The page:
Temporal Trends in Bordetella pertussis Populations, Denmark, 1949–2010 - Vol. 18 No. 5 - May 2012 - Emerging Infectious Disease journal - CDC
Table of Contents
Volume 18, Number 5–May 2012
Volume 18, Number 5—May 2012
Temporal Trends in Bordetella pertussis Populations, Denmark, 1949–2010
Whooping cough is a vaccine-preventable disease caused by the bacterium Bordetella pertussis; however, the protection conferred by vaccination does not last throughout life. In Denmark, as in other industrialized countries with high vaccination coverage, the disease is still endemic despite ≈50 years of vaccination. In 1961, a whole-cell B. pertussis (wP) vaccine was introduced into the childhood vaccination schedule in Denmark. In January 1997, it was replaced by a monocomponent acellular B. pertussis (aP) vaccine (DiTeKiPol or DiTeKiPol/Act-Hib; Statens Serum Institut [SSI], Copenhagen, Denmark) containing hydrogen peroxide–inactivated B. pertussis toxoid as the sole pertussis antigen. This vaccine was originally described and patented by the National Institutes of Health (Bethesda, MD, USA) (1,2). In 2003, a booster dose for preschool-age children (5 years of age) was introduced (diTekiBooster or DiTeKiPol Booster; SSI). Coverage among infants in Denmark for the third dose of pertussis vaccine has traditionally been high (≈87%–91%) (3). Acellular pertussis vaccines can contain up to 5 different antigens from B. pertussis, and Denmark is the only country using a monocomponent vaccine for both primary and booster vaccination (4).
AbstractWe used multilocus variable-number tandem repeat analysis and multiple antigen sequence typing to characterize isolates of Bordetella pertussis strains circulating in Denmark during periods with and without pertussis vaccination coverage. Our results show substantial shifts in the B. pertussis population over time and a reduction in genetic diversity. These changes might have resulted from the introduction of pertussis vaccines in Denmark and other parts of Europe. The predominant strains currently circulating in Denmark resemble those in other European countries.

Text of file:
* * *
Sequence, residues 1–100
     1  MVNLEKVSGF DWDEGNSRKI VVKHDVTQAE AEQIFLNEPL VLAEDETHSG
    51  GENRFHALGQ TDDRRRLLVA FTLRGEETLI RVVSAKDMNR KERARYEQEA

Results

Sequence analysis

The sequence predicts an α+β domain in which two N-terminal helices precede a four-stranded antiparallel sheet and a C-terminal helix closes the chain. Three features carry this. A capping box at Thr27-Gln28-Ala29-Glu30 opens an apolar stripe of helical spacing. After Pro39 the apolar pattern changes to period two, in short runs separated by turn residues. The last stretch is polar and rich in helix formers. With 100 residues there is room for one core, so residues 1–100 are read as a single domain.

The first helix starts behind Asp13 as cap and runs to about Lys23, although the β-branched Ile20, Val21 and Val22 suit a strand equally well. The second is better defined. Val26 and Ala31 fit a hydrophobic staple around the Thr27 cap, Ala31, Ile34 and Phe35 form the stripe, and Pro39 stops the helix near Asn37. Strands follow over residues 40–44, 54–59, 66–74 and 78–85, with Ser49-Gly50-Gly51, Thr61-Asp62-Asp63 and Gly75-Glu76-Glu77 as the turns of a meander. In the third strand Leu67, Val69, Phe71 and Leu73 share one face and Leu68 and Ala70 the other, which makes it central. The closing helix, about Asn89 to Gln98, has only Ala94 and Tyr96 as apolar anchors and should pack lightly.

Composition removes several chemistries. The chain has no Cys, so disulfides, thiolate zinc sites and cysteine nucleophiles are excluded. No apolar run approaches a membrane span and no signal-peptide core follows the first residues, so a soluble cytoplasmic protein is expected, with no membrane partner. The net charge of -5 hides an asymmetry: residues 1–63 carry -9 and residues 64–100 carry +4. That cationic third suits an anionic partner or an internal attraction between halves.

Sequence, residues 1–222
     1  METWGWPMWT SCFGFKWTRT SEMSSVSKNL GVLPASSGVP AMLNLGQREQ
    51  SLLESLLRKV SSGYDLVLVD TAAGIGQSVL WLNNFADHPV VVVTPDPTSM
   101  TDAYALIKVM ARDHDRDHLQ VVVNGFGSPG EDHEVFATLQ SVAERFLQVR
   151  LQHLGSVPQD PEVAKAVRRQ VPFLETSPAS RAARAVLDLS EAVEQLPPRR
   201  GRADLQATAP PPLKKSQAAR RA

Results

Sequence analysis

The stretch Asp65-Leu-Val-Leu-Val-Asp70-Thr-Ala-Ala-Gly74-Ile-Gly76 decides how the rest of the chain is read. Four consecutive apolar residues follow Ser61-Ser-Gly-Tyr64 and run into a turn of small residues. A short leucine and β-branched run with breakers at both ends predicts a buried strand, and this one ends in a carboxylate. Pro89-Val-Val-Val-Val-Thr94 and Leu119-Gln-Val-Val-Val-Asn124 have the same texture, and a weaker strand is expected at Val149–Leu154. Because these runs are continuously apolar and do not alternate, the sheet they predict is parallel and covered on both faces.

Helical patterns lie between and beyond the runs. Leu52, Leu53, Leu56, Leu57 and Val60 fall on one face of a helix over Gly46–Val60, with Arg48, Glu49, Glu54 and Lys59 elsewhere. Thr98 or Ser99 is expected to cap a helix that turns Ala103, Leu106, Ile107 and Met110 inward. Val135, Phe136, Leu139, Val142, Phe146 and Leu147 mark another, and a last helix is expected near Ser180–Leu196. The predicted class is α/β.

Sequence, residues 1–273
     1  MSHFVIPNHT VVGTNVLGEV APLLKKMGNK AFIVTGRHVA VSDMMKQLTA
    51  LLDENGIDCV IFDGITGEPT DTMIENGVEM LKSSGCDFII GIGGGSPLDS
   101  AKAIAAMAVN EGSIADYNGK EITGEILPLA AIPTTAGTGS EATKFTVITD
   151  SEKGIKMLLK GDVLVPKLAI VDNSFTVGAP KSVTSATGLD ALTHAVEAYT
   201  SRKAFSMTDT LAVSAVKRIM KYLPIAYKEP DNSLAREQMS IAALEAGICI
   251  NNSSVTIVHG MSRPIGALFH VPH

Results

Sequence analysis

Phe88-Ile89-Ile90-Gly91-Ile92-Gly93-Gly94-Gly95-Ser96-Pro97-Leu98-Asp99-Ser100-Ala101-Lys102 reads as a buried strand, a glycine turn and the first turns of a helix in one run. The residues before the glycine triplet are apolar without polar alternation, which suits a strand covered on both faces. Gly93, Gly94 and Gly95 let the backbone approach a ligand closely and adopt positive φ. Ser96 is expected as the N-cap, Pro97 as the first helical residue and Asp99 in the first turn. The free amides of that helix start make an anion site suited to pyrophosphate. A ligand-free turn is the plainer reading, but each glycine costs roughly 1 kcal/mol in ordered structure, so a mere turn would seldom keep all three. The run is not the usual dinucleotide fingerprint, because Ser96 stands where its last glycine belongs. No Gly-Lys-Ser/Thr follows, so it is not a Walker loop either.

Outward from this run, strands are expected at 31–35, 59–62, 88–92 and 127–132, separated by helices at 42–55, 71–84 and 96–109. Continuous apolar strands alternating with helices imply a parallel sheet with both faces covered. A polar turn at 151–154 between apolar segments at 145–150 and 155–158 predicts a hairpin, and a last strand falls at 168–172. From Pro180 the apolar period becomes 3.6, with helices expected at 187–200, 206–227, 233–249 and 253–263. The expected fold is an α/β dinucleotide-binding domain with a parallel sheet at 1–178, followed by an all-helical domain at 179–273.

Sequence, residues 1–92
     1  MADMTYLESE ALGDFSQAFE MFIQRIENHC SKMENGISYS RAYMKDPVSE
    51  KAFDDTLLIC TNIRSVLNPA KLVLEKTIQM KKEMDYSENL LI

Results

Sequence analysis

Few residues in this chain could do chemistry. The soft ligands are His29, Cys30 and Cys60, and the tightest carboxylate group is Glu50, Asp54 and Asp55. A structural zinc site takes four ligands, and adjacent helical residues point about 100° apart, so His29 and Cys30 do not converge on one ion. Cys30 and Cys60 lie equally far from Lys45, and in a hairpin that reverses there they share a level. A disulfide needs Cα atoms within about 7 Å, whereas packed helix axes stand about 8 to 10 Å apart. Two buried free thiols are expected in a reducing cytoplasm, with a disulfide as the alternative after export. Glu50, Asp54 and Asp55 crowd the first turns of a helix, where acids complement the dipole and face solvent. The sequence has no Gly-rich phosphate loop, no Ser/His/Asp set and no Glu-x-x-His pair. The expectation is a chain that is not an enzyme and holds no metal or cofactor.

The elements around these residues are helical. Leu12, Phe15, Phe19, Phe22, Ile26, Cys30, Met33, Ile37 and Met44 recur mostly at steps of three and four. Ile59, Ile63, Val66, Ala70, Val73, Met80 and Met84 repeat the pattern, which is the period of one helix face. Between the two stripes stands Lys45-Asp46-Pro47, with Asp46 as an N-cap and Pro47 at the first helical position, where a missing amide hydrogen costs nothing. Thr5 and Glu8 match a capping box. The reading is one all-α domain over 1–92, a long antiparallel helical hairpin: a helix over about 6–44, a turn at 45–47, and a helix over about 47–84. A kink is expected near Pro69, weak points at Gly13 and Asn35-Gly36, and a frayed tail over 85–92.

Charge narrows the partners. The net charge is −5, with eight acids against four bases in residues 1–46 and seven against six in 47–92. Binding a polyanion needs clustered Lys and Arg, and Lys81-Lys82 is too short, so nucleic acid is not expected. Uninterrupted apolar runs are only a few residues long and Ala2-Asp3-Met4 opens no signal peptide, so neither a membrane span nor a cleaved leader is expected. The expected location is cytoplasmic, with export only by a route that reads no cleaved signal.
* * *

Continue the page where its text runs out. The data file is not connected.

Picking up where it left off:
The incidences of whooping cough and related deaths in Denmark have decreased dramatically since the introduction of pertussis vaccines. During a whooping cough epidemic in the early 1950s, before vaccine was introduced, the incidence of infection was ≈11,000 per 100,000 infants (5). In 2010, however, the incidence of infection among infants 0–1 year old had dropped to 110 per 100,000 infants and the incidence among the whole population had dropped to 7 per 100,000 persons (6). In addition, the last 2 pertussis–related deaths among infants in Denmark were notified in 2010 and 2005 (7). In general, the population-wide incidence of whooping cough in Denmark has been low since implementation of the pertussis vaccination program. However, occasional epidemic peaks have occurred, and the latest 2 were in 2002 (incidence, 36 cases/100,000 persons) and 2004 (incidence, 24 cases/100,000 persons) (8).
To determine the predominant strains of B. pertussis circulating in Denmark, we characterized clinical isolates obtained during 3 periods. Period 1, comprised 1949–1961, the year vaccine was introduced; period 2 comprised 1962–1996, during which wP vaccine was used; and period 3 comprised the years after 1996, during which aP vaccine has been used. We characterized the isolates by using multilocus variable-number tandem repeat analysis (MLVA) and multiple antigen sequence typing (MAST) to partially sequence the genes encoding pertactin (prn), B. pertussis toxin S1 subunit (ptxA, also designated ptxS1), B. pertussis toxin promoter (ptxP), and tracheal colonization factor A (tcfA). Because there is no consensus about which genes should be included in MAST of B. pertussis, we designated the results obtained in Denmark as MASTdk.